Australia is on its knees while world leaps ahead on energy efficiency 13 June 2019

A new report shows that other countries are delivering huge cuts to energy bills using energy efficiency, while Australia has made almost no progress in the past three years.

The Energy Efficiency Council’s ‘The World’s First Fuel’ report reveals that, if Australia adopted leading international practices in energy efficiency, we could:

  • Slash the energy bills of households and businesses by $7.7 billion a year
  • Create 120,000 extra jobs; and
  • Meet half of Australia’s commitment to reduce emissions by 26-28 per cent by 2030.

“Energy efficiency is the single, most powerful tool we have to cut energy bills, improve energy security and address climate change. Australia is failing to grasp this golden opportunity – it’s like we’re walking past $100 bills that are just lying on the ground,” said Luke Menzel, CEO, Energy Efficiency Council.

“Australian governments are at the back of the pack on energy efficiency. If Australia replicated best practice from places like the United States, Germany, Japan and China it would be a gamechanger for energy affordability and the economy,” said Menzel.

World leaders are making huge strides forward to improve their energy efficiency, and this is delivering real benefits:

  • Germany – energy efficiency cuts the average household’s energy bills by 30 per cent, saving them AU$790 each year.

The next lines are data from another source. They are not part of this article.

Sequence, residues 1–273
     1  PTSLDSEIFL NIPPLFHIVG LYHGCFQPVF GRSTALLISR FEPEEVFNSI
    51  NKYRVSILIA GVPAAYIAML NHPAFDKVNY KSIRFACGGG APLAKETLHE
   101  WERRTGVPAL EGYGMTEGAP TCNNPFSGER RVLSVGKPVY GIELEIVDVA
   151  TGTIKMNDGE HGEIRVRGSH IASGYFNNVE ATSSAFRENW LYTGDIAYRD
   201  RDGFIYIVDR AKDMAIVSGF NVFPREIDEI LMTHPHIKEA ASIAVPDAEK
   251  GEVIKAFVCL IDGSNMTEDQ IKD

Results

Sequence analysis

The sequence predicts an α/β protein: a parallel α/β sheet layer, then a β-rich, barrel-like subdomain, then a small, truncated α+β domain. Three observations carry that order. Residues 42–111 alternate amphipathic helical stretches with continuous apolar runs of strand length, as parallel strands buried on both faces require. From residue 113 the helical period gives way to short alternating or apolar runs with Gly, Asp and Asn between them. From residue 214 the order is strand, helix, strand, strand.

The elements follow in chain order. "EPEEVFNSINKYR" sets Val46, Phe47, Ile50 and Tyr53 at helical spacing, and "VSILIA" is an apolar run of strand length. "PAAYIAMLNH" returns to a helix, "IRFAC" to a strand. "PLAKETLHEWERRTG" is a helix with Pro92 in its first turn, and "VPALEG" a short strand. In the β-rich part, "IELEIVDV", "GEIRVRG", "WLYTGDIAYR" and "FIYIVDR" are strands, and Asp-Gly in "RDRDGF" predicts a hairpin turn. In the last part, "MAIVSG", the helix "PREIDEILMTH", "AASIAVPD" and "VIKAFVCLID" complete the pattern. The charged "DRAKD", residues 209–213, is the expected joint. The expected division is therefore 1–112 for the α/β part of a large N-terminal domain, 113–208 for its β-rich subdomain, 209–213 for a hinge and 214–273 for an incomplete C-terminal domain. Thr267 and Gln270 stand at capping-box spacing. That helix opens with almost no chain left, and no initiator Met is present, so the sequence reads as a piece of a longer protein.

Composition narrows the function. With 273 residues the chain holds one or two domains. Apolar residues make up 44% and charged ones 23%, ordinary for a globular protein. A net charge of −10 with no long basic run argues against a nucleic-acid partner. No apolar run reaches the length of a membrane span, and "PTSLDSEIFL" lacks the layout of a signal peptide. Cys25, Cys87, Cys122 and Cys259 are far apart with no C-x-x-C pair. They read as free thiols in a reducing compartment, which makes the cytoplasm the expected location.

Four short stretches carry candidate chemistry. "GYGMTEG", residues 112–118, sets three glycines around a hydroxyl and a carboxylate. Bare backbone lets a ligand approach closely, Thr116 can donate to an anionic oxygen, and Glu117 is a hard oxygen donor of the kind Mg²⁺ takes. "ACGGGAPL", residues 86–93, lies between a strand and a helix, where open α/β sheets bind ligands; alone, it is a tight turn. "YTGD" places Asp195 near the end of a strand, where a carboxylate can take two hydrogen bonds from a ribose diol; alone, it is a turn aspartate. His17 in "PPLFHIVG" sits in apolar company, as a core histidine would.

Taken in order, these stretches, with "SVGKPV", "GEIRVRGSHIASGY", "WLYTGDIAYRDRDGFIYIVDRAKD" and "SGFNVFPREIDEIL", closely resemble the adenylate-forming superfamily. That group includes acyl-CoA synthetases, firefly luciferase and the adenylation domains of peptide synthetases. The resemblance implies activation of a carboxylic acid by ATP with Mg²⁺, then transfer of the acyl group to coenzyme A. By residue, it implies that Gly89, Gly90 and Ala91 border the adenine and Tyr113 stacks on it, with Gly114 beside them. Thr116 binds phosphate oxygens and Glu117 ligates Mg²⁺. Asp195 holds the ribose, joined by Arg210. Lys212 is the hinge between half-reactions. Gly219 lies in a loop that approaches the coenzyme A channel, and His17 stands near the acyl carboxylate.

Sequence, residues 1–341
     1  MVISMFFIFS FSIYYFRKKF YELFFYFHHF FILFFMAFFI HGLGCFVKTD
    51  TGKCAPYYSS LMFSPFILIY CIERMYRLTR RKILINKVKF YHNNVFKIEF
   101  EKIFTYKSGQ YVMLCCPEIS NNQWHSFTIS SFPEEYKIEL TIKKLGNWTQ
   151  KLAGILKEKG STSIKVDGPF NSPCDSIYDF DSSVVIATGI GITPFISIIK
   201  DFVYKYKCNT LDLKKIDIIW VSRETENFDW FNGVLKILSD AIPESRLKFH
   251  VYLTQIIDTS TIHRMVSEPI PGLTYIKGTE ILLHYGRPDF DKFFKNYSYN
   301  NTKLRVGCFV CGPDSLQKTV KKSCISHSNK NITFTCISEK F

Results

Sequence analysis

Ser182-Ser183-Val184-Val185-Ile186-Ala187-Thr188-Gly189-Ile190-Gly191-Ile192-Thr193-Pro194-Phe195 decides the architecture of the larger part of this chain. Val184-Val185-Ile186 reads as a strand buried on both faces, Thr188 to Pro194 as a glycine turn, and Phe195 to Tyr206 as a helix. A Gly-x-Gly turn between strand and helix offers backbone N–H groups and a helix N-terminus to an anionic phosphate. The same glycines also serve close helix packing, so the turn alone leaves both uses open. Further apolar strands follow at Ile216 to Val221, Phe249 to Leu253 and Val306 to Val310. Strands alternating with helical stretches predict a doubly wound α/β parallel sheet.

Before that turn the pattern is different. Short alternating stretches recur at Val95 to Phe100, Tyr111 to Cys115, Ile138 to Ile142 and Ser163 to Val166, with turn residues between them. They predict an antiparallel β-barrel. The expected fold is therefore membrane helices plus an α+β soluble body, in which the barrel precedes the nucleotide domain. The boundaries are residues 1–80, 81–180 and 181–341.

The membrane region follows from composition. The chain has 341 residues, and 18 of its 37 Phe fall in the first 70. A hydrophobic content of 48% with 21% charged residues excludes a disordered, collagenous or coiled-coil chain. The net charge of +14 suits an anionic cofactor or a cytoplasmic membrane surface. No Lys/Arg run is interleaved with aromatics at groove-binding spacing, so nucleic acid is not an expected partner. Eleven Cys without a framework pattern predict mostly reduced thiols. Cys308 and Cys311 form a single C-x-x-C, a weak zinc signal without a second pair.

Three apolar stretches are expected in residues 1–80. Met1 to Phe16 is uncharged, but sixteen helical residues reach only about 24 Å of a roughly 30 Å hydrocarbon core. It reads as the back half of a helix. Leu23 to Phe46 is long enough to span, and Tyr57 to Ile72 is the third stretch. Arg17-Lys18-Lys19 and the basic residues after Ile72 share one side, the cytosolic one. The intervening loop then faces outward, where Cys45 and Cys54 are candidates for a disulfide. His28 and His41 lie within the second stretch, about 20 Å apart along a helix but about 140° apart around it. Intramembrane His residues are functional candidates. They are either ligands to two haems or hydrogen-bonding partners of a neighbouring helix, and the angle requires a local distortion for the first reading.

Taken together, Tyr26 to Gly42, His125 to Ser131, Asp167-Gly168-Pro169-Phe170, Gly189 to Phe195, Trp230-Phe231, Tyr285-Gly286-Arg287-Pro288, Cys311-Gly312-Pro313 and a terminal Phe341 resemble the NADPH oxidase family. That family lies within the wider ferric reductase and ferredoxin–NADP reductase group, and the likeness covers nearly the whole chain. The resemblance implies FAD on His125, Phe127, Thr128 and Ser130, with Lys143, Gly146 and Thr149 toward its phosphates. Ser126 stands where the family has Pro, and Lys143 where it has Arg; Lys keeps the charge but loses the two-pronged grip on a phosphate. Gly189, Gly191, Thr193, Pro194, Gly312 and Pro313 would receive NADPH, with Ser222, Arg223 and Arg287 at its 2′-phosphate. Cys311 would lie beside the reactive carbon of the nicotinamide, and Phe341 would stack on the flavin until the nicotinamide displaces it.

• California – there are already over 300,000 people working in energy efficiency.
  • China – in 2017 they saved more than twice as much energy as Australia used. This avoids the need for scores of coal-fired generators and boosts their competitiveness.

“The good news is Australia can start improving energy efficiency tomorrow, quickly and easily making changes that will cut our costs of living, shore up energy security and improve our response to climate change,” said Menzel.

Menzel said that success policies in other countries, which Australia could adapt, include:

  • Strengthening energy efficiency standards for appliances, homes and cars;
  • Energy efficiency ratings when homes are sold;
  • Ensuring that energy markets work in the interests of consumers; and
  • Helping businesses to find ways to cut their electricity and gas bills.

“Energy efficiency should be front and centre in conversations about energy, climate change and the economy. The cheapest source of energy is cutting energy waste,” said Menzel.

Download ‘The World’s First Fuel: How energy efficiency is reshaping global energy systems’ report here.